[Date Prev][Date Next][Thread Prev][Thread Next][Date Index][Thread Index]

[dvd-discuss] LawMeme In-Person Eldred Report

> http://research.yale.edu/lawmeme/modules.php?name=News&file=article&sid=392

Live From Eldred v. Ashcroft - I

Posted by Raul Ruiz on Wednesday, October 09 @ 11:18:34 EDT 

Your humble reporters (Ernest Miller and Raul Ruiz) have
just exited from the Supreme Court after hearing oral
arguments in the case of Eldred v. Ashcroft. We are
providing you this first report from memory as members of
the public are not permitted to take notes in the Supreme

As representative for petioner, Larry Lessig spoke first.
His first questions from Justice O'Connor regarded whether
or not all copyright laws passed by Congress included
retrospective extension. Prof. Lessig distinguished the
first copyright law of 1790 from subsequent laws and
characterized the first law as not truly a retrospective
extension. There was a great deal of concern whether or not
accepting Eldred's position would lead to the court having
to invalidate many previous laws, in particular the
copyright act of 1976. Justice Breyer gave Prof. Lessig an
out by asking whether or not the court could refuse to
invalidate the copyright act of 1976 due to the chaos it
would create. More to come.. batteries 


Chief Justice Rehnquist also seemed skeptical of changing a
pattern in lawmaking with such a long pedigree. Justice
Breyer raised an analogy he would repeat with the Solicitor
General. He asked whether under Eldred's argument it would
be permissible to recopyright the bible, Ben Johnson, or
Shakespeare. Justice Ginsberg was very tough on Eldred's
First Amendment arguments. She could not see why the First
Amendment arguments were different for prospective and
retrospective copyright. She seemed to think this was a bad

Justices Scalia and Thomas asked no questions of Lessig.
Scalia possibly because Lessig had been his clerk. Thomas
because he seldom asks questions anyway.

The most disturbing thing about the Solicitor General's
argument was that no questions were asked regarding the
First Amendment issues. Conclusion: Eldred loses the First
Amendment issues completely. 

Justice Breyer was particularly hard on the government's
position. He brought in a number of economic arguments.
Basically, he made the point that the expected value of the
extended copyright was so small as to be virtually zero. He
also asked whether the government could recopyright Ben
Johnson. The government did not say "no." Justice Stevens
appeared skeptical of the government's arguments. The
government made much of the inequities of not providing
retroactive and prospective extension together. Scalia
questioned whether the inequities argument could be turned
around. J. Breyer, in essence, answered "yes" by claiming
that existing copyright owners get all the benefit and,
inequitably, prospective copyright owners get very little

Although four justices were not satisfied with the
government's arguments on retrospective copyright
extensions, it is far from clear or even likely that Eldred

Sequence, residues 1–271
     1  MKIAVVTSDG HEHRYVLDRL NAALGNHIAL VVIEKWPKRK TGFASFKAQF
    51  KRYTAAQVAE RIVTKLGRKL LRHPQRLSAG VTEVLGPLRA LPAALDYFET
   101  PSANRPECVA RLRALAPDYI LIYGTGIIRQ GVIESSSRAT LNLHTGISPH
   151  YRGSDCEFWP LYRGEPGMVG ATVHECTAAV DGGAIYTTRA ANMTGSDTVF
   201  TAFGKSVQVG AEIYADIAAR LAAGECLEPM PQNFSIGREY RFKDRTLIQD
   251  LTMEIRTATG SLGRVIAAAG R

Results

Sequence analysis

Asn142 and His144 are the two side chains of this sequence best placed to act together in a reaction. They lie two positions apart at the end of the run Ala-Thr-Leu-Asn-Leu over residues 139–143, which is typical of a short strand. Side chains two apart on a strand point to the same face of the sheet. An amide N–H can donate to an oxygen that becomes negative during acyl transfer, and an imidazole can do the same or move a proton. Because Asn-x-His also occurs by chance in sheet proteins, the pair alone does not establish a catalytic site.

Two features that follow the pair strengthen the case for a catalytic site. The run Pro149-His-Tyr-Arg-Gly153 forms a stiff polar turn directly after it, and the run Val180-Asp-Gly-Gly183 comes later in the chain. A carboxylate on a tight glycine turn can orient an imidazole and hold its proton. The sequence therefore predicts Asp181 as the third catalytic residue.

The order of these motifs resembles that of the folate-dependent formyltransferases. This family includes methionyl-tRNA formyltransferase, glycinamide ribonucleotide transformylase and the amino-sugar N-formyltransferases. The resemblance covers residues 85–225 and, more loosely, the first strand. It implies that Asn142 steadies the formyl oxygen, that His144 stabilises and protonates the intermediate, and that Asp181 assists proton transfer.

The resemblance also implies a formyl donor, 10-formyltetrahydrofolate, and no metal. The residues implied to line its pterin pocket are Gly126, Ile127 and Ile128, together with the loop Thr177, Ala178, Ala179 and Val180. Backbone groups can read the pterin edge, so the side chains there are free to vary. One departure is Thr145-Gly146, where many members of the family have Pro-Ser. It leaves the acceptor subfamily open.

will get the 5 votes necessary to overturn the statute.
However, hope springs eternal. 

It would appear that Jack Valenti, who also attended the
oral argument, has a number of reasons to justify the smile
he wore as he entered the courtroom. 


We just want to emphasize that this is our impression of the
oral argument. We were not permitted to take notes and are
working from memory. Press accounts will certainly provide
more information. Also, the fine art of "Justice Counting"
is not something in which we are experts. Look for more
subtle analysis on how Justices are likely to vote from
various Professors and the usual suspects. 

One point we didn't initially mention is that the issue that
had intrigued a number of legal commentators is whether or
not the court was interested in extending the precedent set
in Lopez, which for the first time in many years constrained
Congress' power to regulate interstate commerce. Some have
thought that this issue would be raised by analogy from the
commerce clause to the copyright clause. The Chief Justice
is the only one who raised the issue in a single question to
Prof. Lessig. The question was oblique, and only implied the
question, but Prof. Lessig recognized it and provided the
appropriate answer, which seemed to please the Chief
Justice. It was not raised by any other justice, nor was the
Solicitor General provided a similar question. 

The New York Times has an AP wirestory (High Court Debates
Copyright Case). 

PS. This blogging brought to you via 802.11b equipped PDA
(please excuse typos, etc.) and warchalked wireless access
point, somewhere in the vicinity of the Supreme Court
building (thanks warchalkers!) 


Only 25 members of the general public were permitted to
watch the oral arguments. Anyone who lined up after three
AM, did not get in (thankfully, it didn't rain). 

Doc Searls has a second hand report that is more optimistic
(I Blew It). We believe the "I blew it" refers to not
getting into see the oral argument. 


Well, we are heading back to New Haven from Washington, D.C.
We will be back online and following the coverage later this
evening. Thanks for stopping by.